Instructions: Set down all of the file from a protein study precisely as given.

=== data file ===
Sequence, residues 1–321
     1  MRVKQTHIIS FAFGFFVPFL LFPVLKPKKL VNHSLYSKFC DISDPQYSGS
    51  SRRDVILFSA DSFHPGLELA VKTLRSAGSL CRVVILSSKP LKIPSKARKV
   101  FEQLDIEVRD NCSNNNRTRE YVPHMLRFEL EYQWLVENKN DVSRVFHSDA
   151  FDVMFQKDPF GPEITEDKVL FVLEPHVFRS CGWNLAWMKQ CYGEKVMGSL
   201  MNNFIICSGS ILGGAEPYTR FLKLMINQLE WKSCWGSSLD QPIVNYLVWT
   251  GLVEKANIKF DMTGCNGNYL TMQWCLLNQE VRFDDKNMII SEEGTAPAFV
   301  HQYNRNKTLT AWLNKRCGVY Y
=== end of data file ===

Sequence, residues 1–321
     1  MRVKQTHIIS FAFGFFVPFL LFPVLKPKKL VNHSLYSKFC DISDPQYSGS
    51  SRRDVILFSA DSFHPGLELA VKTLRSAGSL CRVVILSSKP LKIPSKARKV
   101  FEQLDIEVRD NCSNNNRTRE YVPHMLRFEL EYQWLVENKN DVSRVFHSDA
   151  FDVMFQKDPF GPEITEDKVL FVLEPHVFRS CGWNLAWMKQ CYGEKVMGSL
   201  MNNFIICSGS ILGGAEPYTR FLKLMINQLE WKSCWGSSLD QPIVNYLVWT
   251  GLVEKANIKF DMTGCNGNYL TMQWCLLNQE VRFDDKNMII SEEGTAPAFV
   301  HQYNRNKTLT AWLNKRCGVY Y